PARIS — Mobile satellite services provider Thuraya Telecommunications Co. reported $122 million in revenue in 2013, up 15 percent from 2012, and is forecasting its revenue will surpass $200 million by 2018.

EBITDA, or earnings before interest, taxes, depreciation and amortization, was up 29 percent, to $36 million, the company said in a statement emailed March 25, adding that among the principal mobile satellite services providers, it is the least indebted as a multiple of EBITDA after it restructured its debt.

Dubai, United Arab Emirates-based Thuraya, which operates two large satellites in geostationary orbit, at 44 degrees east and 98.5 degrees east, and serves customers in 160 nations, said its high-margin data revenue rose 26 percent in 2013 from 2012, while voice revenue rose 14 percent.

Thuraya said services revenue accounted for 73 percent of the total in 2013, with equipment revenue at 27 percent.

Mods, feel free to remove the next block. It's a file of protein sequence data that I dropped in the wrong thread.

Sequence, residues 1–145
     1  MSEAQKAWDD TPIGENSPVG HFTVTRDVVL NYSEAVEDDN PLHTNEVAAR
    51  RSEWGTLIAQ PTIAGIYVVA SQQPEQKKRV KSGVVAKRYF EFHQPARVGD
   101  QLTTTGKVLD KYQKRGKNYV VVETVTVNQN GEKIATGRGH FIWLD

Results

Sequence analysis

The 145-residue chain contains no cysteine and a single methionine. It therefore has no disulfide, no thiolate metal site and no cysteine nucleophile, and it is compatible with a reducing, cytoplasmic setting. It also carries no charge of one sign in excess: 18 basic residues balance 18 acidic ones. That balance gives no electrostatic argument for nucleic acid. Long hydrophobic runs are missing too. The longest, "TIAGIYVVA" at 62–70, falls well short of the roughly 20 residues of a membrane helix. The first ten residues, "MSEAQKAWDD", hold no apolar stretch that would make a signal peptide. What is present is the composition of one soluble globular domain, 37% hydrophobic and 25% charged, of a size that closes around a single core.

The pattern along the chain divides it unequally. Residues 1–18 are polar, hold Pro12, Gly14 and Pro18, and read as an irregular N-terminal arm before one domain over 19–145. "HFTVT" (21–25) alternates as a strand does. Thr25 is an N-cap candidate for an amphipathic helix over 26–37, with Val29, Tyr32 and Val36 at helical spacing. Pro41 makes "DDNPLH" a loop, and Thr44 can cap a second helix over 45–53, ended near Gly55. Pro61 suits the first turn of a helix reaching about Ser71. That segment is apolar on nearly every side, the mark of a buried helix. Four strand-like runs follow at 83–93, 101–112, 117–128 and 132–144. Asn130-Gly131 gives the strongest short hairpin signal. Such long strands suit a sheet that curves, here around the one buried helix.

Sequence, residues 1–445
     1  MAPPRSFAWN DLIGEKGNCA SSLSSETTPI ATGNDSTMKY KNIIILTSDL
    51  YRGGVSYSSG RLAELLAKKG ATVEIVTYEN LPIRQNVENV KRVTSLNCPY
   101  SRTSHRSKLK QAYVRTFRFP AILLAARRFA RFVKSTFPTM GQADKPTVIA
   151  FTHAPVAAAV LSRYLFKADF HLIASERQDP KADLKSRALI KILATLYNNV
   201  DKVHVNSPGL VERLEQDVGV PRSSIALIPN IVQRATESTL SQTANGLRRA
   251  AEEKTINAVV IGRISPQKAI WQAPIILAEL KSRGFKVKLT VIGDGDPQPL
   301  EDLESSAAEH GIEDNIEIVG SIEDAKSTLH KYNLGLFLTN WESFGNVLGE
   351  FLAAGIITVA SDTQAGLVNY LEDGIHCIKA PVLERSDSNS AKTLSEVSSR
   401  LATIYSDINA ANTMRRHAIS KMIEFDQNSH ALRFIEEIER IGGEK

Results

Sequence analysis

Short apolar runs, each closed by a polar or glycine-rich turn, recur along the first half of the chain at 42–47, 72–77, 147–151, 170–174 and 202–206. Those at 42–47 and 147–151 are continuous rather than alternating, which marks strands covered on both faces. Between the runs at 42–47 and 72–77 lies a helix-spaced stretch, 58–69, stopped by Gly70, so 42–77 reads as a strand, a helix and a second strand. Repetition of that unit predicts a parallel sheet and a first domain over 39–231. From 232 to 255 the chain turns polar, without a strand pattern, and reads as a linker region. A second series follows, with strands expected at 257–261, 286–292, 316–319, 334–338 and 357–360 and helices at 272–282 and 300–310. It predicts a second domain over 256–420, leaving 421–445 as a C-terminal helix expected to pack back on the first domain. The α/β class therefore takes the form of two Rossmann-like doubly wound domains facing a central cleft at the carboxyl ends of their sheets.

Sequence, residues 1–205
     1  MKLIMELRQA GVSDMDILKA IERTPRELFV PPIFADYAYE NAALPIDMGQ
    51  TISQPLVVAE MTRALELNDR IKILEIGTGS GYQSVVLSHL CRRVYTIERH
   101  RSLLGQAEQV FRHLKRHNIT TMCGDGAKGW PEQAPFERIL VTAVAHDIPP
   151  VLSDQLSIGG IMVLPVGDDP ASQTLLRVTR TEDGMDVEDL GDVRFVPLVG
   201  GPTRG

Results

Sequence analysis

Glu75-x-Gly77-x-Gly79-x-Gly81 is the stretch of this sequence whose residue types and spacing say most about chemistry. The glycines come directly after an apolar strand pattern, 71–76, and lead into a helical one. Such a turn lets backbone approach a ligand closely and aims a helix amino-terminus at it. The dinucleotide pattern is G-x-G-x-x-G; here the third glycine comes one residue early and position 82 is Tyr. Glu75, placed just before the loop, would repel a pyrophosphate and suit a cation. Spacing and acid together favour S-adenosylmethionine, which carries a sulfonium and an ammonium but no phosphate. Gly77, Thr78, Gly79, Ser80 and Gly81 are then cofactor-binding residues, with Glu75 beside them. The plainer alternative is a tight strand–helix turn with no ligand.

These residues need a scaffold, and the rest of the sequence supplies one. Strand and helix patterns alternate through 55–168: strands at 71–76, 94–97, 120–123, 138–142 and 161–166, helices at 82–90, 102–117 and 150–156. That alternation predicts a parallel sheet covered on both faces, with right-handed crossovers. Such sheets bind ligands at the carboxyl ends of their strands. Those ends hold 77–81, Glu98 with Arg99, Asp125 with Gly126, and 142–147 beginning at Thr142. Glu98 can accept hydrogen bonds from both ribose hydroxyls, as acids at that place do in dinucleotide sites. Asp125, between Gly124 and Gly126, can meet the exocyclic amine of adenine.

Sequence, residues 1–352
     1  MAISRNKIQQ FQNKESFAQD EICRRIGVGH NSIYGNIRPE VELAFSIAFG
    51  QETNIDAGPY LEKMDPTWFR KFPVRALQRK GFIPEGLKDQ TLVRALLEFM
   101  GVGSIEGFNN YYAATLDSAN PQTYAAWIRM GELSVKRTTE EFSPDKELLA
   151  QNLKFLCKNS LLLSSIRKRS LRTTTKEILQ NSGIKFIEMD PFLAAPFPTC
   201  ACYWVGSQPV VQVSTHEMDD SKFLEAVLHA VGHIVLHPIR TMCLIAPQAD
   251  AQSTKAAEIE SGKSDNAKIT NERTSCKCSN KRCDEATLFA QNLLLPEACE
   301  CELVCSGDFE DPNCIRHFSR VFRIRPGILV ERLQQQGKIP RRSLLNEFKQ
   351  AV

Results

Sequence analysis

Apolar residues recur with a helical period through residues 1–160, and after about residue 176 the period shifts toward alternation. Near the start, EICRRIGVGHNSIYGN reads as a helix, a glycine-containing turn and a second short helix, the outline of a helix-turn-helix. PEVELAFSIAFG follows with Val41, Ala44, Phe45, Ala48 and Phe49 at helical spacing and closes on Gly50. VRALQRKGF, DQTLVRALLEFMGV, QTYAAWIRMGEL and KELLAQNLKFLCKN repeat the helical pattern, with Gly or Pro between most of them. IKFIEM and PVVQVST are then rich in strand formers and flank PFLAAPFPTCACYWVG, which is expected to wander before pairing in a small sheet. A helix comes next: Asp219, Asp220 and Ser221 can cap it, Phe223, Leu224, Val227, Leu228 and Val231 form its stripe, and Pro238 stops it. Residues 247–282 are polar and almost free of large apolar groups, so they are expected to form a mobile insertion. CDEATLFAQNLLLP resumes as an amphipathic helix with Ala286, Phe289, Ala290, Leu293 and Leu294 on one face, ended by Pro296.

Thuraya has been working to turn around its business since 2011, notably with an expansion into the Asia-Pacific region. It launched services in Japan, China, Taiwan, Australia and the Philippines last year. Revenue from the region, which was just $3 million in 2010, was $18 million in 2013.

Thuraya said its 15 percent revenue increase in 2013 followed a 4 percent increase in 2012. “This growth for two consecutive years now was achieved at a time when troop withdrawal and other factors have caused our competitors to report declining revenues,” Thuraya said in a statement. 

Thuraya Chief Executive Samer Halawi has said the company is crafting a strategy in which it partners with fixed satellite services fleet operators, whose satellites operate mainly in the Ku- and C-bands, for access to the maritime market.

“We are now looking to take Thuraya to the next stage of its development, possibly working with a new strategic partner — commercial, financial or a combination of both — to enable the business to grow at a still faster rate … and to finance unique next-generation capabilities,” the company said.

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Peter B. de Selding was the Paris Bureau Chief for SpaceNews.